The authors cite Ralph Lorenz of the Johns Hopkins Applied Physics Laboratory, who has written several books about Titan, as saying that it’s a place where “human beings could survive without space suits, walking around in warm clothes and oxygen masks, and could live in nonpressurized buildings.”
While the temperature is excessively cold — around -290 degrees Fahrenheit — “clothing with thick insulation or heating elements would keep you comfortable.”
One odd effect of Titan’s atmosphere, which is 50 percent greater than Earth’s with air four times as dense, is that “people can fly with very little difficulty in Titan’s low-gravity environment.”
‘The body changes shape as organs float upward in the chest cavity to new positions, and weight releases from joints.’
Titan, which is 50 percent larger in diameter than our own moon, has less gravity than it — in fact, it has just “14 percent of the gravity of the Earth.” Winged suits would allow people to “effortlessly glide great distances,” and even the smallest bit of propulsion, from “flapping wings attached to your arms” to “an electric-powered prop,” would enable full-on human flight.
Of course, this is all a long way off. For one thing, no human has ever traveled that far, and current signs show that even if we devise a way for people to do so, spaceflights of that length could have devastating consequences.
Astronauts aboard the International Space Station (ISS), for example, experience physical changes to their bodies.
“The body changes shape as organs float upward in the chest cavity to new positions, and weight releases from joints,” the authors write.
“Astronauts get taller, their waists contract and their chests expand. The brain is the most flexible of all, reprogramming itself to create its own frame of reference in a three-dimensional world without up or down.”
But while astronauts physically adapt in a way that caused astronaut Mike Barratt to comment, “We kind of turn into extraterrestrials,” the further into space we go, the more those changes will be unhealthy.
Sixty percent of astronauts who have endured long space flights have developed sometimes irreversible vision issues including “reduction of vision sharpness or blind spots,” thought to be caused by “constantly increased fluid pressure in the brain caused by weightlessness.” The authors note that while most ISS astronauts only fly six months at a time, longer missions, such as a proposed three-year mission to Mars, could cause “partial blindness.”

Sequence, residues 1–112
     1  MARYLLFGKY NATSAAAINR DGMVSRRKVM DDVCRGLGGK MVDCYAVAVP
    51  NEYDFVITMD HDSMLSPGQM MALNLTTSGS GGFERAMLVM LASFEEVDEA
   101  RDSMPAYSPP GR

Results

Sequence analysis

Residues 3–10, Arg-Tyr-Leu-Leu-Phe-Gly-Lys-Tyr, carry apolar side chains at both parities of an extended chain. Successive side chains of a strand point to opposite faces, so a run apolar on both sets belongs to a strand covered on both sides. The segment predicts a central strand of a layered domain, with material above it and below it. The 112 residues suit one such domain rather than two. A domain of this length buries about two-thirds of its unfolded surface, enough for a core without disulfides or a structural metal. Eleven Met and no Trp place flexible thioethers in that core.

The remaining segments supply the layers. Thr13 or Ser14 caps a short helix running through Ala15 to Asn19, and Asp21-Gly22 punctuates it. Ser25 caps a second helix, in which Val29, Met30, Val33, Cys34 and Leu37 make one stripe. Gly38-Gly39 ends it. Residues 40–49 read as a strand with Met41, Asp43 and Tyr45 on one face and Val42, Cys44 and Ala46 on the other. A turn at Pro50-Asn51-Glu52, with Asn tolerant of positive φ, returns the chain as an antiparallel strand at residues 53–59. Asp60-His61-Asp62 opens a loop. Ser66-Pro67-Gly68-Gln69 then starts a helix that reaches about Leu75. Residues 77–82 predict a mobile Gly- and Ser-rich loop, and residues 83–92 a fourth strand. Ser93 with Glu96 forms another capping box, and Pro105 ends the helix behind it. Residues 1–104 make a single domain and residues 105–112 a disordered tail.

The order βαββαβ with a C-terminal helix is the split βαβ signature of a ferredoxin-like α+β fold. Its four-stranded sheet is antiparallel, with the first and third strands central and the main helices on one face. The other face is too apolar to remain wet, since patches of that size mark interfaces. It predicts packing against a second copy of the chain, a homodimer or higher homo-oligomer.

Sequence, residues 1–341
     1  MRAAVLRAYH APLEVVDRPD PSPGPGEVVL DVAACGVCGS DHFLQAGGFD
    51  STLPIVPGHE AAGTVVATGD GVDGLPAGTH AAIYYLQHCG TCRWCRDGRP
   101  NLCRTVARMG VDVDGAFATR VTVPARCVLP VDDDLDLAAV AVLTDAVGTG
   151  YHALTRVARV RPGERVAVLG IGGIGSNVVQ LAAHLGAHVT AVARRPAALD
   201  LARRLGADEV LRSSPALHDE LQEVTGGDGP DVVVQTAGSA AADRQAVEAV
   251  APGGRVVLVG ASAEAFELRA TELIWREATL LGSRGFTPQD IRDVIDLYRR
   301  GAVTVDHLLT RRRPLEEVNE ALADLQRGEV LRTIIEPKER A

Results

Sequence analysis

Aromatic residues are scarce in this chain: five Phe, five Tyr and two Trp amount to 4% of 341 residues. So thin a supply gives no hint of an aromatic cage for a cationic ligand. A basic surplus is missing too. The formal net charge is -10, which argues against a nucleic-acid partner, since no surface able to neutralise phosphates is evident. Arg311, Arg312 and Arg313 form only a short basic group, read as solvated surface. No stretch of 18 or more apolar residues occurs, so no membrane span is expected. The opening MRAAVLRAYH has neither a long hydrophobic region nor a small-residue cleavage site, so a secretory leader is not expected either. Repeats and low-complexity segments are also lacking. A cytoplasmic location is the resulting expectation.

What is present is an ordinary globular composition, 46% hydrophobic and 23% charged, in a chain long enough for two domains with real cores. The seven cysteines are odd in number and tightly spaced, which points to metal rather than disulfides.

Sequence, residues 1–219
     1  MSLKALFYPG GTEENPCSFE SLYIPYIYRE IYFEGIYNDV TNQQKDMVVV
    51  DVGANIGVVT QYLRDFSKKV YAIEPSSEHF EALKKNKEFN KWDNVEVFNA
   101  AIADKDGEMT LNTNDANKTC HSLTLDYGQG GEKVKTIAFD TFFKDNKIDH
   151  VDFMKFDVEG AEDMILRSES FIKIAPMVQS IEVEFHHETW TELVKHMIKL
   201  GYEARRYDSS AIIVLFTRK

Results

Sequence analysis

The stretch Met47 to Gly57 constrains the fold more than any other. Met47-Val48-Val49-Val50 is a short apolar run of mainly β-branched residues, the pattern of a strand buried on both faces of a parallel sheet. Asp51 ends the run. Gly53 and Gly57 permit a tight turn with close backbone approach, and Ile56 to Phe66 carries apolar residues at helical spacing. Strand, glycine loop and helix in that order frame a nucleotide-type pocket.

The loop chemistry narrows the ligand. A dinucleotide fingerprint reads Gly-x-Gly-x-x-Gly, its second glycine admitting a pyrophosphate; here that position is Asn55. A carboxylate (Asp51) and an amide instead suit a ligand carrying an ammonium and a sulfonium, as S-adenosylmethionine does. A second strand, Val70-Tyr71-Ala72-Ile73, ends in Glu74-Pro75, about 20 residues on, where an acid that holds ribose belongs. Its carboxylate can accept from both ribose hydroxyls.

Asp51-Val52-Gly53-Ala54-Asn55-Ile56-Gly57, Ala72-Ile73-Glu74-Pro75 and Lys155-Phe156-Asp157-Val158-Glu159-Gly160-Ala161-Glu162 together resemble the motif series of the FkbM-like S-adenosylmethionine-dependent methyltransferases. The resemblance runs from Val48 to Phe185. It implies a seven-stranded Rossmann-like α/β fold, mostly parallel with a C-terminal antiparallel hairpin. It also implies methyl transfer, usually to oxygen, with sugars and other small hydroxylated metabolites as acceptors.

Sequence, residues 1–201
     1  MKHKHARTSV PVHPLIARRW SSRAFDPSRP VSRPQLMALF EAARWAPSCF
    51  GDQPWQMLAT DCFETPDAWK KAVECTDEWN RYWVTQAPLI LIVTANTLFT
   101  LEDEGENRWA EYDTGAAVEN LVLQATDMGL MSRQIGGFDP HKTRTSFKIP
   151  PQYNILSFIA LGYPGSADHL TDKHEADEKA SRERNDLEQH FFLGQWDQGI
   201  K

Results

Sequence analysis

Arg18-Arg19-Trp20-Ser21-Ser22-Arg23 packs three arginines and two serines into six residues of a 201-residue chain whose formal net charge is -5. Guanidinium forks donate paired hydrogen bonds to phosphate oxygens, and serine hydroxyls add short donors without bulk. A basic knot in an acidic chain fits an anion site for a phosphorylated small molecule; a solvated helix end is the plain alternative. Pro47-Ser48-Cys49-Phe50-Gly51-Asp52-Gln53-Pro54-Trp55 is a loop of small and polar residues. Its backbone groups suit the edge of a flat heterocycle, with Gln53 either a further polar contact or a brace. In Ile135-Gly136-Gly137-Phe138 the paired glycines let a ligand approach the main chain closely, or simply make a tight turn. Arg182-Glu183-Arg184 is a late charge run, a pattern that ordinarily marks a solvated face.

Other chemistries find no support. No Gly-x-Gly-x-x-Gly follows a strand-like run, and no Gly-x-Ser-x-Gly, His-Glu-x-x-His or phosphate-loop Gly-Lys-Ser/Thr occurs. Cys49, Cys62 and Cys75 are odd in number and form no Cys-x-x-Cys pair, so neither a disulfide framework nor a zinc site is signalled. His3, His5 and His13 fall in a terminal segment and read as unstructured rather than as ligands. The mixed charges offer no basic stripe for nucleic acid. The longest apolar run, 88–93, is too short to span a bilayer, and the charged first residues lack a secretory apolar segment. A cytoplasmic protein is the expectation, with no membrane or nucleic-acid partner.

There are also concerns about possible effects of space on the human brain that haven’t been discovered yet, including increased risks of cancer or dementia.
From a practical standpoint, life in deep space would create other challenges. For one, weightlessness and diminished gravity would affect both sex in space, and the development of any children born there.
While no studies on sex in space have been officially conducted, we do know it has happened, according to “insiders at the Johnson Space Center.” Apparently, “the fluid shift of weightlessness produced unwanted and even painful erections for some astronauts.” This weightlessness would also make copulation a challenge, as “without gravity, it would be difficult to create the right forces for penetration and thrusting.”
Assuming this problem was solved, weaker gravity could have dire consequences for children born in this atmosphere.
“Human reproduction may not work without full Earth-strength gravity,” the authors write.
“Environmental influences on developing brains and bodies can be permanent. Weak gravitational forces or weightlessness could shape children in drastically different ways … conception may require gravity. The placenta might not attach correctly.”
Even if ways are found to solve all these problems, children raised in a low-gravity environment would have bones and hearts too weak to handle Earth’s atmosphere — they could most likely never travel to our planet.
Given the number of variables, any consideration of a permanent human colony in space — which would certainly require procreation to advance the new civilization — is a long way off.
Cassini is scheduled to crash into Saturn, vaporizing the craft, late next year, and no follow-up mission is currently scheduled.
Still, even if you, your children, and possibly your grandchildren are doomed to spend your lives Earth-bound, your descendants will “go boating on lakes of liquid methane and fly like birds in the cold, dense atmosphere [of Titan], with wings on their backs.”